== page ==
Film and foil lamination

Film and foil lamination in practice

Film lamination is used for the purposes of creative design and practical function. There are many types of films, and this variety makes it possible to achieve a multitude of special creative effects and use different ways to enhance the design of book covers, exclusive brochures, maps, cards, menus, posters, etc. The film also protects the surface from scratches, stains and other damage.

Film suppliers produce standard interchangeable products as well as their own speciality niche products. When combined with paperboard, film lamination offers a very wide range of possibilities. The long-proven glue lamination technique widens the field of paperboard applications into areas where more complicated and expensive constructions would otherwise be required.

The film lamination operation

Lamination is a technique in which a film is glue laminated to the paperboard surface to achieve aesthetic effects or surface protection. The film is reel fed and the adhesive is applied to the film (except when using thermal film). The paperboard web is fed into the press and, when passing through a calender, it is pressed against the plastic film. Since glue lamination involves adding and removing moisture, this operation must be carried out very carefully so that the process results in strong, flat products.

Films and adhesives

A wide selection of films can be used in combination with paperboard. The most common way to create a glossy surface and protection for the print is PP (polypropylene). It provides a durable material with special visual and tactile properties. The type of film may be limited by the chosen adhesive system. In the case of water-based and solvent-based adhesives, the film is dried to increase the tack of the adhesive.

The advantages and disadvantages of different types of adhesives are summarised in the following table.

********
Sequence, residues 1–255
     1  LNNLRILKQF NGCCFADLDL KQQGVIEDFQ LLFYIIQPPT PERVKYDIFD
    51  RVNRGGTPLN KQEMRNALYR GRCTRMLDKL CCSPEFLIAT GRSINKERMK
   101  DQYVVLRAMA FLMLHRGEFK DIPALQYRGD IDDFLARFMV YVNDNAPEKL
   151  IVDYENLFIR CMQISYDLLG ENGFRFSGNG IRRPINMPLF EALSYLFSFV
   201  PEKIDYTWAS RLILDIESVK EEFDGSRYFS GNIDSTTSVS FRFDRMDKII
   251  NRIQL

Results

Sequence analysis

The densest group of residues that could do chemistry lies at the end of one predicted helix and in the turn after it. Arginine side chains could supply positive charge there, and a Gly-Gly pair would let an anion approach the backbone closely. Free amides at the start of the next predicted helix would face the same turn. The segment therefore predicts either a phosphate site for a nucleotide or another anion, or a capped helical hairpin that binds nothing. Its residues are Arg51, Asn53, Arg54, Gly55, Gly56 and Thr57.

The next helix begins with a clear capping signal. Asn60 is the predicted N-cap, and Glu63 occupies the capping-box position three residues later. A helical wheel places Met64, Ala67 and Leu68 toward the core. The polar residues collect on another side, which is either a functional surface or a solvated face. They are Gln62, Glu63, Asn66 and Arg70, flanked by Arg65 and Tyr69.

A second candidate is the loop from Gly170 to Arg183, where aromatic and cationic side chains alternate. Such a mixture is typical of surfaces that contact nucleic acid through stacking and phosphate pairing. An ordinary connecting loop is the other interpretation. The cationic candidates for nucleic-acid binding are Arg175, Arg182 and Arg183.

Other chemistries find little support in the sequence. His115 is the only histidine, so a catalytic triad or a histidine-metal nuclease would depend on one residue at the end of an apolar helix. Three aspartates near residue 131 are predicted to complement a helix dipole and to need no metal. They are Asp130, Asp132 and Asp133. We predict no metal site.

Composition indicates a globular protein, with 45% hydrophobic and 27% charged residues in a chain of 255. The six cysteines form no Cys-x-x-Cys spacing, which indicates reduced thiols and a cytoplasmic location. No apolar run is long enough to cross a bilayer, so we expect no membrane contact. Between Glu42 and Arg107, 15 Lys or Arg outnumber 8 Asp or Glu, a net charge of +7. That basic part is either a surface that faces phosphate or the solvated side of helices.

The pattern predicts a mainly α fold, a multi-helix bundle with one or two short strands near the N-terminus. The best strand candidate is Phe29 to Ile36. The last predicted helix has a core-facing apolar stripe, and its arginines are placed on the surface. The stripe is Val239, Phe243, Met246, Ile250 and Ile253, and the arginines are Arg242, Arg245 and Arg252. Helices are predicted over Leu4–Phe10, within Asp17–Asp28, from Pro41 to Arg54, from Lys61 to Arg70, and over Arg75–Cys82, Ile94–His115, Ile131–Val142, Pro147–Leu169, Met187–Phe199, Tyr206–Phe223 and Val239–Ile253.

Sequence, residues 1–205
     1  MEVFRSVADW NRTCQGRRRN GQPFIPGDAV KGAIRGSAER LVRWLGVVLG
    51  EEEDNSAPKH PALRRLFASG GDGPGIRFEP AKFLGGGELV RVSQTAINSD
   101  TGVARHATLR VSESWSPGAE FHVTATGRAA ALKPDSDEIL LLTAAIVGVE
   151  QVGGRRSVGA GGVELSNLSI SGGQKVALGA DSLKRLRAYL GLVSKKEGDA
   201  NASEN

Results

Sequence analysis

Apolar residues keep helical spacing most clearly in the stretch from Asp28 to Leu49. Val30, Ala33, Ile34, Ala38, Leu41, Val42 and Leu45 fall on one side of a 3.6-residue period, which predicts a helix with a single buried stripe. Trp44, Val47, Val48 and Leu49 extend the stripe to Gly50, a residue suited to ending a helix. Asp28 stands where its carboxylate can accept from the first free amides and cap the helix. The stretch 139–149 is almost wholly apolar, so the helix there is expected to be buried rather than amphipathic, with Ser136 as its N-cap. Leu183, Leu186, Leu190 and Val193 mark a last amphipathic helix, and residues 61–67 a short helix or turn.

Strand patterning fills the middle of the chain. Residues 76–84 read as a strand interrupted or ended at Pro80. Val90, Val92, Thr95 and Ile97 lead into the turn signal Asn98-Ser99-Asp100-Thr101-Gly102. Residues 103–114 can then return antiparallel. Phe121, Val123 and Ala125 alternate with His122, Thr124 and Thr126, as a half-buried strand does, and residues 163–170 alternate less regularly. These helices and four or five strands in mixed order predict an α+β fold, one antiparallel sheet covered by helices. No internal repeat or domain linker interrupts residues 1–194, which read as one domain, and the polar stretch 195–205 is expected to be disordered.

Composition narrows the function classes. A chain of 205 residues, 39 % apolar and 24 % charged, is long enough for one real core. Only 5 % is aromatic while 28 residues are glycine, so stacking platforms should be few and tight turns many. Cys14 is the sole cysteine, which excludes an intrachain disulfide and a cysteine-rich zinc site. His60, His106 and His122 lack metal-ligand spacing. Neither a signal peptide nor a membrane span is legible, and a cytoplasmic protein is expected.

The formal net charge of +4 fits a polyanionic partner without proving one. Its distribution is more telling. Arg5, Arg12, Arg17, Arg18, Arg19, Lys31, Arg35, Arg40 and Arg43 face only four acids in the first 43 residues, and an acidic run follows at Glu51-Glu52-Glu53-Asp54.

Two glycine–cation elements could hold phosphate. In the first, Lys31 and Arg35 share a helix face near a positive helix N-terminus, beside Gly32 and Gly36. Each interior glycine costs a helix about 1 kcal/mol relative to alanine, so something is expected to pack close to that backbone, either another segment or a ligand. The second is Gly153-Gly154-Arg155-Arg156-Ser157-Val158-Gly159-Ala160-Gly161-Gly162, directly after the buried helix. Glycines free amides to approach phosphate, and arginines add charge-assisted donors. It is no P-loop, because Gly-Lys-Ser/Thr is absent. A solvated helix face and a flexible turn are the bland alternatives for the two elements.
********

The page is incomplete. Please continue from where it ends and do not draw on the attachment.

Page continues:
Type of adhesive Advantages Disadvantages
Water-based (acrylic) Light stability Not suitable for all substrates
  Good creasing, embossing, hot foil stamping ability  
Solvent-based (polyurethane, acrylic, polyester) Very easy to run Solvent extraction equipment
Solvent-free (polyurethane) Reduction in glue weight Difficult to run
  Full range of plastic film possible  
  High production speeds (70 m/min)  
  No dryers (less energy)  
Thermal films (preapplied thermal adhesive) Easy to run Specific equipment needed
  Rapid machine start-up Cost of film
    Problem when hot foil stamping
UV adhesive Short start-up time Cost of glue and machine
  Excellent adhesion Yellowing
    Risk of cracking and curl


  • An extremely smooth and uniform paperboard surface is very important especially when using gloss or metallic films, which highlight any irregularities in the surface.
  • To avoid blemishes in the laminated finish, the paperboard surface must be clean and completely free of dust or anti-set-off spray powder. The fast ink setting properties of the surface make it possible to minimise the amount of spray powder used.
  • Graphic paperboard gives very good results with water-based glue, but when using this type of glue the printing inks must be very carefully selected.
  • If the glue comes in contact with the inks, it is extremely important that the ink and glue should not interact with each other or the ink layer could be insufficiently adhered.


Iggesund Paperboard
825 80 Iggesund

+46 650 - 280 00

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